The Potential and Pitfalls of Direct to Consumer Genetic Tests
By: Danielle Daee
At the genomic level approximately 0.1% of our genomic sequence differs from person to person. Some of these subtle genetic variations have important physiological consequences, which are reflected in our risk for developing diseases and our overall health. In recent years genome-wide association studies have sifted through individuals’ entire genomic sequences to try and identify genetic variants that are associated with increased disease risk. While these studies are highly informative, they often lack the functional studies required to close the gap between correlation and causation. After all, without knowing what the changes in a particular gene do, there is no way to understand whether that change is actually the cause of a particular disease.
Despite the caveats to interpreting correlative association studies, several biotech companies have developed direct to consumer (DTC) genomic tests to help consumers identify their personal risk for various diseases. These tests present a variety of public health policy concerns. Foremost is whether or not companies are overstating the usefulness and understating the caveats of genetic information to their consumers. Furthermore, are consumers adequately equipped to interpret the results of genomic tests without a trained professional?
In May 2010, Pathway Genomics announced a plan to offer their genetic testing services at Walgreens pharmacies. This plan marked the transition of DTC genetic testing sales from a less-accessible, internet commerce model to an over-the-counter sales model that would dramatically increase accessibility. This increased reach sparked a firestorm of public concern and triggered an investigation by the General Accounting Office, a Congressional Committee hearing, and a Federal Drug Administration (FDA) panel discussion to determine how regulation of DTC tests should proceed.
At the public FDA forum, many topics were discussed among experts representing industry and professional organizations. Concerns on both sides of the issue ranged from the needs to: (1) prioritize individual access over strict regulation, (2) include non-governmental third party oversight in regulatory design, and (3) clearly define and analyze the risks of DTC testing to temper sensationalistic media coverage.
Based on these and subsequent public communications, the FDA drafted a guidance for industry and FDA staff for In Vitro Companion Diagnostic Devices, which include genetic tests that inform treatment decisions. (This 2011 draft of this guidance is available online, but I could not find a finalized version.) This guidance stresses the importance of reliability, safety, and effectiveness in diagnostic tests and strongly encourages an early dialog between the FDA and sponsors developing the diagnostic products. However, DTC tests are not explicitly mentioned in the guidance, and there is no clear or recent policy addressing these tests on the FDA’s website.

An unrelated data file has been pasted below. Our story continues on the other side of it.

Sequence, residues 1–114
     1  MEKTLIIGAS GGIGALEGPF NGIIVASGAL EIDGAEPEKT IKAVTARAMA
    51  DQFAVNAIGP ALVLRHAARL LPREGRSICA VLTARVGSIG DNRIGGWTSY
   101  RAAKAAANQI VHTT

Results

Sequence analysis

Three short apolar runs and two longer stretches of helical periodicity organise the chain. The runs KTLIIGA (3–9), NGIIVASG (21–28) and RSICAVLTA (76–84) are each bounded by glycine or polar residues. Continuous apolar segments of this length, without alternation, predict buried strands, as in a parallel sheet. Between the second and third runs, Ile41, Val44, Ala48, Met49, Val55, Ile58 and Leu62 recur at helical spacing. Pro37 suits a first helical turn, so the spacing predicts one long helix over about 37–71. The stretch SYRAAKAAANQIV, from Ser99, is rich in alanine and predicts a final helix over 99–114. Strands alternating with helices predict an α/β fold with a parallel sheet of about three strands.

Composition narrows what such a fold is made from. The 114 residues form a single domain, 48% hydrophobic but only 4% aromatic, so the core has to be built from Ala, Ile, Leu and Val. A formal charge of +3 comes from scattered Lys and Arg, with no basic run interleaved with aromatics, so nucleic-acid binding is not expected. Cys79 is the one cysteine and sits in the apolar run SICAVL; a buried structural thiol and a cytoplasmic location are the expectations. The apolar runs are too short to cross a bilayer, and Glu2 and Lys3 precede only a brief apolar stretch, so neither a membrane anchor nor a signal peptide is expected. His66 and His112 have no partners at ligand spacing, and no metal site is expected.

Independent of the FDA, the National Institutes of Health (NIH) have taken the lead and developed a Genetic Testing Registry. This is a voluntary, centralized database where companies can submit genetic test information (including test name, relevant disease/phenotype, and reviews). Although this information is not independently verified, it is an important step in empowering consumers about the tests they may use. Although in its current state it seems a bit sophisticated for the average layman, perhaps future iterations of the Genetic Testing Registry will include a basic description of the science behind the tests and their caveats. These changes, more submissions by testing companies, and a simple hierarchical organization (to allow users to easily click through available tests and find those most relevant to them) will enhance this important consumer tool.
Despite the NIH’s admirable effort to give companies a legitimate platform for describing their tests, progress in the FDA seemingly has stalled. A year after public concerns were raised the FDA has failed to develop a clear policy on many available DTC genetic tests. Moving forward, the FDA needs to find a balance between protecting consumers (including weeding out tests that make outlandish claims of efficacy, empowering consumers with test reliability analysis, and encouraging consumers to seek out professional guidance in interpreting results) and allowing legitimate innovations to develop in industry. A clear policy statement from the FDA is essential to remove uncertainty and promote progress in the DTC genetic testing sector and safely empower consumers with their genetic information.